How to Sleep on a Plane


Written by Rebecca Levi

Reviewed by Dr. Michael Breus

Our Editorial Process

Table of Contents

Whether you’re a frequent flier or rarely travel, you’ve probably found yourself struggling to get some shut-eye on an airplane. Noise, cramped seating, and bright lights can all make sleeping on a plane difficult.

Losing sleep can leave you feeling irritable and make it harder to function after arriving at your destination. Fortunately, there are some science-backed ways to make sleeping on an airplane a little easier.

Skip the Alcohol

It can be tempting to relax with an alcoholic beverage while you fly, especially if the airline offers a complimentary drink. However, drinking might not help you sleep better in the long run. 

While alcohol makes falling asleep easier, it causes you to get less deep sleep. You may even wake up as soon as the drink’s effects wear off. Alcohol can also make jet lag worse and trigger symptoms of travel fatigue.

Flying can make you feel dehydrated, so you’re better off drinking lots of water instead of the complimentary beer or wine.

Due to the lower pressure and recirculated air inside a plane, air travel increases the risk of dehydration. Add any caffeine or alcohol and that dehydration can worsen. Keep a water bottle handy and try to stay as hydrated as you can.
Dr. Michael Breus

Try an Eye Mask

Light helps your body to know when to wake up and when to release melatonin, a hormone that triggers sleepiness. Being exposed to bright lights late in the day can keep your body from releasing melatonin, preventing you from falling asleep at the appropriate time. 

While you can’t control the lighting in the cabin, wearing an eye mask can help block out unwanted light. Experts suggest reducing light exposure about an hour and a half before you want to go to sleep.

Turn Off Electronics

Laptops, smartphones, and tablets can make a dull flight more bearable, but these devices also emit blue light. The eyes are particularly sensitive to blue light, which inhibits melatonin production and makes it harder to fall asleep. 

Researchers are not sure how much blue light exposure is necessary to affect sleep. Some suggest avoiding electronic devices for a few hours before bedtime. To be on the safe side, consider bringing a book or magazine in your carry-on bag instead of a tablet or e-reader.

Block Out Noise

From the roar of the engine at takeoff to overhead announcements, air travel is full of loud, disruptive noises. While some airplanes are noisier than others, where you sit can also determine how loud your trip might be. 

Evidence suggests that noise levels are highest at window seats, in the back rows of the cabin, and in locations near the propellers or engines. Regardless of where you sit, noise-canceling headphones may help you get some peace and quiet during the flight.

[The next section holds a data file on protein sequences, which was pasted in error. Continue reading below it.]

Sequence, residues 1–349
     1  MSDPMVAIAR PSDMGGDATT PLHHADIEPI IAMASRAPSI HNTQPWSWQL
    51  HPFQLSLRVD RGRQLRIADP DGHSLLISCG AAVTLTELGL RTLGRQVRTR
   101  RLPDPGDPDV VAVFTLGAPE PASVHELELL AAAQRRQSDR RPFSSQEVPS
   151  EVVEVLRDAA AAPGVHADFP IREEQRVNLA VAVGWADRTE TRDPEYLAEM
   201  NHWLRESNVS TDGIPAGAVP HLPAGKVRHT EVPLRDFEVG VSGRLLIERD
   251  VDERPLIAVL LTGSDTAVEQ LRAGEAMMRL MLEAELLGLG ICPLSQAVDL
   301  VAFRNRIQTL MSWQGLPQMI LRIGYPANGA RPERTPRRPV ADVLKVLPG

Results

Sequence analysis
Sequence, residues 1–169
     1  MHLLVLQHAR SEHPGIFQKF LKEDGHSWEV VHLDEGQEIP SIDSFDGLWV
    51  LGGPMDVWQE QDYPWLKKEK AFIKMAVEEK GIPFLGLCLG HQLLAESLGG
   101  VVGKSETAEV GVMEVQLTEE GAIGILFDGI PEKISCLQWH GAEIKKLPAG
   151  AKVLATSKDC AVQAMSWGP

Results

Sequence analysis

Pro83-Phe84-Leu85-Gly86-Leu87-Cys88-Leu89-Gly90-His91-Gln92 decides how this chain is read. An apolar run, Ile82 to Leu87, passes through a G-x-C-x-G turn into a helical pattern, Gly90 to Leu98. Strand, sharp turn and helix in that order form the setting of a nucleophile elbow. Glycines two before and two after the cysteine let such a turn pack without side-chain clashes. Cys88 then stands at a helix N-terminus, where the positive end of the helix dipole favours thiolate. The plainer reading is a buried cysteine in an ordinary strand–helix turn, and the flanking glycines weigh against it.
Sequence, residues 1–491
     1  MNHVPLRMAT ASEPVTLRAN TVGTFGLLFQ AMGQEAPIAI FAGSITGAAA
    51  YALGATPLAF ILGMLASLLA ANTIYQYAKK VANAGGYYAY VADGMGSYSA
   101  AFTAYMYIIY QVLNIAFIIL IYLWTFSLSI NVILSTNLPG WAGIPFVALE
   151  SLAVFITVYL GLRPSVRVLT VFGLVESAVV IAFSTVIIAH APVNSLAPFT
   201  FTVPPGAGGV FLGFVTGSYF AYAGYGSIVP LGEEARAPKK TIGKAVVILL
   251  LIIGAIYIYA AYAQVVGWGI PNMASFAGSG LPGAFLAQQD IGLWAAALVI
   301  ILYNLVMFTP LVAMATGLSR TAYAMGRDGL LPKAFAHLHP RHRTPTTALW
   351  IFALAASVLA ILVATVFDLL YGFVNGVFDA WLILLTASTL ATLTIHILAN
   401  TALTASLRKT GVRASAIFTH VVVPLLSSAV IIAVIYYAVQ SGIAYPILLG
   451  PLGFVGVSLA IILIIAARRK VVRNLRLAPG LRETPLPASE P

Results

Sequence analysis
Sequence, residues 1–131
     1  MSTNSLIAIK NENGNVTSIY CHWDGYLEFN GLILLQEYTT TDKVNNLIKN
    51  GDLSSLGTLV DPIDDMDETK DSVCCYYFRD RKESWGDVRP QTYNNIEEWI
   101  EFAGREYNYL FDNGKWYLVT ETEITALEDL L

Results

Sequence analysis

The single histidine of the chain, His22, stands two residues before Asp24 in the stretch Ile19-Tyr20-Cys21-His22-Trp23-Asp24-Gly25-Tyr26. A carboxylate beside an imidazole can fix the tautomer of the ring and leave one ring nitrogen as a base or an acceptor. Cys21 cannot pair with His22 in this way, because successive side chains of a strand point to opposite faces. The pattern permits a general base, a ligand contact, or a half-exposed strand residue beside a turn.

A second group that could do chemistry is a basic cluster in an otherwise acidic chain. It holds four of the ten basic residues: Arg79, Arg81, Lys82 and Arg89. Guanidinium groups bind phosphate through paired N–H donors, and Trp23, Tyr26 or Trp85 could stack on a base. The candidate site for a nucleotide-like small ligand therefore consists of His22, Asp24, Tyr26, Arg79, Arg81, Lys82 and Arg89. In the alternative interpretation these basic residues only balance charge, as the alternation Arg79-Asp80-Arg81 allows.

Optimize Your Space

If the seat next to you is unoccupied, use the extra room to stretch out and get more comfortable. If you’re the only passenger in your row, even better. Maximize your space by storing anything you aren’t planning to use in the overhead compartment and experiment with foot and armrests until you find a comfortable sleeping position. 

Many airlines offer amenities like free pillows, slippers, and blankets. Don’t be afraid to take advantage of the items that make sleeping on a plane more comfortable, but don’t feel obligated to keep them if they’re just taking up space. Give any unwanted items back to the flight attendant.

Choose the Right Seat

If possible, try to reserve a window seat so you can sleep with your head resting against the window. Or choose a seat next to the emergency exit, which typically offers more legroom than even first-class seats. Don’t forget that airlines require passengers in the emergency exit rows to meet certain eligibility requirements.

Several websites let you search for in-flight amenities based on the airline and type of plane. Use these sites to determine what you should bring on board with you, such as blankets or pillows, and what you can leave at home to save space on the plane.

Consider Using a Sleep Aid

Before you leave for your trip, talk to your doctor to find out if a prescription or over-the-counter sleep aid might be a good choice for you. While medication alone is rarely used to treat the symptoms of insomnia, it may be a helpful short-term solution for isolated sleep difficulties like falling asleep on an airplane.

It is important to discuss your medication options with a health care professional, even if you plan to take a sleep aid from the drugstore or an herbal supplement. Over-the-counter sleep medications come with potential side effects, and some become less effective when they are used repeatedly over time. 

Some people take a melatonin supplement to help them fall asleep or to avoid jet lag. Research suggests that melatonin may prevent or ease symptoms of jet lag in certain situations, and it may help some people fall asleep more easily.

About The Author

Rebecca Levi

Staff Writer, Sleep Health

With a bachelor’s degree in anthropology from Indiana University Bloomington, Rebecca enjoys making accurate, up-to-date health information accessible to all readers. As a freelance writer and editor, she has covered everything from healthcare and experimental music to education. Rebecca lives in Tennessee, where she spends her free time reading, writing fiction, and making music.

  • POSITION: Side Sleeper
  • TEMPERATURE: Cold Sleeper
  • CHRONOTYPE: Dolphin

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